Thursday, February 25, 2016

Brag Tags

During my first student teaching placement, I developed a Positive Behavior Support system called “Brag Tags” for use with my fourth-grade students. The target behaviors selected for the Brag Tag system were homework completion and appropriate class participation. Initially, my students struggled with turning in homework on time, as well as maintaining on-task behavior during classroom instruction.

I designed three types of tags: academic tags, behavior tags, and a birthday tag. The academic tags promoted homework completion and participation during instruction. The behavior tags reinforced positive behavior throughout the school day. The birthday tag was a formal and fun way of recognizing students on their special day. The tags were printed, cut out, laminated, and hole-punched. When a student earned one, they were provided a tag to put on their necklace. Earned tags would hang on the bulletin board for all to see throughout the day.

With the assistance of my cooperating teacher, we established clear expectations for earning a Brag Tag. We often reviewed classroom expectations with the students. This was necessary for both students and teachers to ensure the students’ behavior was worthy of a tag. Students could not request a tag nor point out behaviors of others that they deem to be worthy of a tag.

At the end of the month, students could take their necklaces and the Brag Tags they earned home to show to their families.

The Brag Tag bulletin board was set up in front of the classroom so students could monitor their progress throughout the day. The board was the first thing they could see when they walked in the classroom. It was big, visual and accessible for students to use. Each student had his or her own classroom number, by which they identified their necklace.

Students could earn a tag at any point during the day, but they could only put tags on their necklaces during transition times (i.e. between classes, before lunch or recess).

By the second week of the system’s implementation, most of my students turned in their homework assignments. Students demonstrated an increase in active engagement and on-task behavior by volunteering in class, completing assignments, and minimizing chatter.  Because it was concrete and visual, it was easy for students and teachers to get a sense of student progress on the targeted behaviors.  This also became a major boost to classroom climate.  I especially liked that even students who were usually withdrawn and never raised their hand began to interact more readily.  In my classroom, the Brag Tags were a huge success!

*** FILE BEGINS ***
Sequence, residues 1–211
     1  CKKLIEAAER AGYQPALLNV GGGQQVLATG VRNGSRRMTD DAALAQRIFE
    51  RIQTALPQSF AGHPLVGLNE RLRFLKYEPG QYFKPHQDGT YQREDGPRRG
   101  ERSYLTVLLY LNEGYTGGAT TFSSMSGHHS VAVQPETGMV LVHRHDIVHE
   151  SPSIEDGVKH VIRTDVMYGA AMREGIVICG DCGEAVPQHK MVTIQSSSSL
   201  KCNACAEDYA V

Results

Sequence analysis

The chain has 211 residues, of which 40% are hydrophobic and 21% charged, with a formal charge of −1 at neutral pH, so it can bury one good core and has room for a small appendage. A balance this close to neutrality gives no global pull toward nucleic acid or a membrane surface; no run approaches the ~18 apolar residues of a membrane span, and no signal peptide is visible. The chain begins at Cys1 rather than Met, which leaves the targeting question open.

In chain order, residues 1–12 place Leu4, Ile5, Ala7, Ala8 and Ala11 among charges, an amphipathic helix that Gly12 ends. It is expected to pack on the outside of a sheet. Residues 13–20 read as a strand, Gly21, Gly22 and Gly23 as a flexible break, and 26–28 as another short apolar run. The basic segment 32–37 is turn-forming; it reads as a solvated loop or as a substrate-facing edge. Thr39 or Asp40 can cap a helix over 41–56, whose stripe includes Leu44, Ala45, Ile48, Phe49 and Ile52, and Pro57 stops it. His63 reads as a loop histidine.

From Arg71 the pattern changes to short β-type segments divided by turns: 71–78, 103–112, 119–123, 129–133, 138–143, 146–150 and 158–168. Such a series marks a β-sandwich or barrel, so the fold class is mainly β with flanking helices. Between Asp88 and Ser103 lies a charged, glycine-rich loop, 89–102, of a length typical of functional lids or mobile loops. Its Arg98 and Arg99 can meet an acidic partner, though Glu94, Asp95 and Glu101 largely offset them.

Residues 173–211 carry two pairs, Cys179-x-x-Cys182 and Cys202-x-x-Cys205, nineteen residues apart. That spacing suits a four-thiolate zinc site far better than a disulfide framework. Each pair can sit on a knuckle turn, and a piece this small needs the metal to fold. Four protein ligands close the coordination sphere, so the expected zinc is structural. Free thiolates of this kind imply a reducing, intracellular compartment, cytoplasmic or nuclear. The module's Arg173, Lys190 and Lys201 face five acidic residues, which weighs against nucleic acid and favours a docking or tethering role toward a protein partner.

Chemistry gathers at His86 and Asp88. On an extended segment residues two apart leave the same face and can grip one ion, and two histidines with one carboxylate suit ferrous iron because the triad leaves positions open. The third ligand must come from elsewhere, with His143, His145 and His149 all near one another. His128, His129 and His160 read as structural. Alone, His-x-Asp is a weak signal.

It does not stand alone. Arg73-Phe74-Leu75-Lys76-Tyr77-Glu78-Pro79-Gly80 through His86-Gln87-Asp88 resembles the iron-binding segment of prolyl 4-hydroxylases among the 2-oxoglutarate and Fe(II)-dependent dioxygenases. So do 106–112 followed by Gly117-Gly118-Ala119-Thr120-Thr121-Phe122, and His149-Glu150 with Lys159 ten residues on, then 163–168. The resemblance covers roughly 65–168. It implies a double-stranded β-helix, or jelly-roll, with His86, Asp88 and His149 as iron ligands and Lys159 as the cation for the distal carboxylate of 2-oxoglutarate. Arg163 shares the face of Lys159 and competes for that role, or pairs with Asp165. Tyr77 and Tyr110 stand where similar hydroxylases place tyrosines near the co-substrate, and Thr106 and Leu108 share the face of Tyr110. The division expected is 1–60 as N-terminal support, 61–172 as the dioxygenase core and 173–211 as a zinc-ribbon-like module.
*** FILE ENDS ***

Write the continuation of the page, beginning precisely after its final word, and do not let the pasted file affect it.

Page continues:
— Kori McManus, Student Teacher

Wednesday, February 3, 2016

The Benefits of Play on Whole Child Development

Today, many decisions impacting children focus exclusively on their cognitive development or development from the neck up. However, developmental experts Patricia Weissman and Joanne Hendrick endorse a whole child perspective that pictures the child as being made up of five distinct selves – cognitive, creative, emotional, physical, and social. This developmental domain approach underscores essential elements across multiple environments that children need in order to thrive. One of these essential elements is play, and recent research supports the benefits of play on whole child development.

Interactive exploratory experience, both features of play in unstructured social environments, enhance cognitive understandings. According to Anthony Pellegrini, professor emeritus at the University of Minnesota, different types of play foster social competence. That includes respect for rules, self discipline, aggression control, problem-solving skills, leadership development, conflict resolution, and playing by the rules.

When provided with frequent opportunities to play, children develop self-determination, self-esteem, and the ability to self regulate – all vital elements of emotional development. Active physical play builds strength, coordination and cardiovascular fitness and moderates childhood obesity and its associated health complications. Children engaging in pretend play exhibit a greater capacity for cognitive flexibility and creativity across the lifespan. 

In Bloomsburg University’s College of Education, we value these play interactions. We are lucky to have on staff Dr. Michael Patte, who has a number of publications which focus on play. Most recently, Dr. Patte and some colleagues published the book International Perspectives on Children's Play with Open University Press. Dr. Patte also recently penned a piece on the decline of unstructured play for the National Toy Industry.

Weissman and Hendrick (2013)
Action for Healthy Kids (2008)
Pellegrini (2009)
Barros et al. (2009)
Centers for Disease Control and Prevention (2010)
Russ & Fiorelli (2010)